22. Ng, Serena, 2006. "Testing Cross-Section Correlation in Panel Data Using Spacings," Journal of Business & Economic Statistics, American Statistical Association, vol. 24, pages 12-23, January.
  23. Reinhart, Carmen & Rogoff, Kenneth, 2004. "Serial default and the “paradox” of rich to poor capital flows," MPRA Paper 13997, University Library of Munich, Germany.
  24. Uribe, Martin & Yue, Vivian Z., 2006. "Country spreads and emerging countries: Who drives whom?," Journal of International Economics, Elsevier, vol. 69(1), pages 6-36, June.
  25. Mackowiak, Bartosz, 2007. "External shocks, U.S. monetary policy and macroeconomic fluctuations in emerging markets," Journal of Monetary Economics, Elsevier, vol. 54(8), pages 2512-2520, November.
  26. Karen K. Lewis, 1999. "Trying to Explain Home Bias in Equities and Consumption," Journal of Economic Literature, American Economic Association, vol. 37(2), pages 571-608, June.
  27. Davidson, Russell & MacKinnon, James G., 1993. "Estimation and Inference in Econometrics," OUP Catalogue, Oxford University Press, number 9780195060119, March.
  28. North, Douglass C, 1994. "Economic Performance through Time," American Economic Review, American Economic Association, vol. 84(3), pages 359-68, June.
  29. Alexander D. Rothenberg & Francis E. Warnock, 2006. "Sudden Flight and True Sudden Stops," NBER Working Papers 12726, National Bureau of Economic Research, Inc.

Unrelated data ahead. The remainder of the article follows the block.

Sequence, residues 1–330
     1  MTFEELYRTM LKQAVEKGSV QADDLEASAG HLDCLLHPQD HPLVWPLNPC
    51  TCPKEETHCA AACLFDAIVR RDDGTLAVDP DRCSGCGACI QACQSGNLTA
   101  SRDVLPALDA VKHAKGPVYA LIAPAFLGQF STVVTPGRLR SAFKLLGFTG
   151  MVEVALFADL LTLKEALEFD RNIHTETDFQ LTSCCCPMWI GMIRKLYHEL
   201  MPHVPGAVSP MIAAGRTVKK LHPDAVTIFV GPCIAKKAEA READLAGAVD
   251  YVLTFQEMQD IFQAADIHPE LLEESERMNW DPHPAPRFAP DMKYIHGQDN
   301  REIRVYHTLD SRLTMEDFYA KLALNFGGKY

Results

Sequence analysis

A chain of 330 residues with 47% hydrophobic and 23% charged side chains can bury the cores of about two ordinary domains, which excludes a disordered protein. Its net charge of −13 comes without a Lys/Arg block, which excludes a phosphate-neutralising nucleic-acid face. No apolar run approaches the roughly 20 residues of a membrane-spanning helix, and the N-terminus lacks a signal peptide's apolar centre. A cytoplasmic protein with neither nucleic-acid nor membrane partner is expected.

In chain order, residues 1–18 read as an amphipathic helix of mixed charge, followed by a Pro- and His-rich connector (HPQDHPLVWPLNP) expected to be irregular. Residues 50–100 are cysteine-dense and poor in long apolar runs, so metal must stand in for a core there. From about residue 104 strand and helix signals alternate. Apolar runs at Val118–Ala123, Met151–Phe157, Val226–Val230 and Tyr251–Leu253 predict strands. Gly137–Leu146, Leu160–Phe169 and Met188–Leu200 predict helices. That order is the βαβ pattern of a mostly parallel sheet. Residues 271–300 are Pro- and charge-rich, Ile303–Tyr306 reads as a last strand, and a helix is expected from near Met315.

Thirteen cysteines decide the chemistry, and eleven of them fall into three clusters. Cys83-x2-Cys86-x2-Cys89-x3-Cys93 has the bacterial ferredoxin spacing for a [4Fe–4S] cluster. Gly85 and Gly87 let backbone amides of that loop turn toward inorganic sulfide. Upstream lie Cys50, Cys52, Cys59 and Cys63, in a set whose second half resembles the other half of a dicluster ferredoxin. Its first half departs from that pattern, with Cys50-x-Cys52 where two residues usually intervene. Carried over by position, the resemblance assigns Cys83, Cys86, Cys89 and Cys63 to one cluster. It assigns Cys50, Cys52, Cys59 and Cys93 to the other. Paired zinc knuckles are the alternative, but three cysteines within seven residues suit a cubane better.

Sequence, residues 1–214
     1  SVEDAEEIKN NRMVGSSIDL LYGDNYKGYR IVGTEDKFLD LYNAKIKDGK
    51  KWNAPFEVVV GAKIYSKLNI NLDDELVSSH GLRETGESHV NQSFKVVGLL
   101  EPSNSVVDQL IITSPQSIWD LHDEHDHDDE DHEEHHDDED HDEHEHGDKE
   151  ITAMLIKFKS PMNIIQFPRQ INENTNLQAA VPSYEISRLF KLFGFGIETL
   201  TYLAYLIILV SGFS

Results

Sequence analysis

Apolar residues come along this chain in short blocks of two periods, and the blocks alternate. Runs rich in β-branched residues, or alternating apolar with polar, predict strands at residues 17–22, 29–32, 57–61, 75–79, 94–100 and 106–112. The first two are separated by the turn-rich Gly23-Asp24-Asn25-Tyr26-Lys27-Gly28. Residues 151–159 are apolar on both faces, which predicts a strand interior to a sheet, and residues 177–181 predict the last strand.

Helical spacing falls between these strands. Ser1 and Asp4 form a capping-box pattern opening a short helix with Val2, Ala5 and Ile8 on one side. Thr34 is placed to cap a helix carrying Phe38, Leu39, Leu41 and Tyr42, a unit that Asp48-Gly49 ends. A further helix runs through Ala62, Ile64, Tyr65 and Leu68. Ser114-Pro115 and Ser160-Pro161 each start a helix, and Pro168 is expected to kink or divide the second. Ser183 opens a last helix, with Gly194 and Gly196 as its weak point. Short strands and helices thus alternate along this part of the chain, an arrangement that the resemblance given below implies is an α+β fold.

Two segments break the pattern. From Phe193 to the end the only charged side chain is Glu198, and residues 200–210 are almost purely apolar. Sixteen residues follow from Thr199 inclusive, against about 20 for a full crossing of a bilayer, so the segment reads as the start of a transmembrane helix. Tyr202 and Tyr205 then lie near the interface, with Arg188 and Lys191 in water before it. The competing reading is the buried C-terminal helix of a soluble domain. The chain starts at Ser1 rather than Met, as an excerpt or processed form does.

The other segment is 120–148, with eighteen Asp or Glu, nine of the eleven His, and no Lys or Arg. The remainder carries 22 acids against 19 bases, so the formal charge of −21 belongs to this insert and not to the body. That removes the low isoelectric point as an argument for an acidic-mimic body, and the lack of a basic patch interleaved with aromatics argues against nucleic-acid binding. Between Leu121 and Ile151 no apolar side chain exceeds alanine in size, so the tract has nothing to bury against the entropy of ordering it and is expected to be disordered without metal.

30. Warnock, Francis E., 2002. "Home bias and high turnover reconsidered," Journal of International Money and Finance, Elsevier, vol. 21(6), pages 795-805, November.
  31. Reinhart, Carmen & Calvo, Guillermo, 2000. "When Capital Inflows Come to a Sudden Stop: Consequences and Policy Options," MPRA Paper 6982, University Library of Munich, Germany.
Full references (including those not matched with items on IDEAS)

This item is not listed on Wikipedia, on a reading list or among the top items on IDEAS.

When requesting a correction, please mention this item's handle: RePEc:gla:glaewp:2011_01. See general information about how to correct material in RePEc.

For technical questions regarding this item, or to correct its authors, title, abstract, bibliographic or download information, contact: (Jeanette Findlay)

If you have authored this item and are not yet registered with RePEc, we encourage you to do it here. This allows to link your profile to this item. It also allows you to accept potential citations to this item that we are uncertain about.

If references are entirely missing, you can add them using this form.

If the full references list an item that is present in RePEc, but the system did not link to it, you can help with this form.

If you know of missing items citing this one, you can help us creating those links by adding the relevant references in the same way as above, for each refering item. If you are a registered author of this item, you may also want to check the "citations" tab in your profile, as there may be some citations waiting for confirmation.

Please note that corrections may take a couple of weeks to filter through the various RePEc services.

This information is provided to you by IDEAS at the Research Division of the Federal Reserve Bank of St. Louis using RePEc data.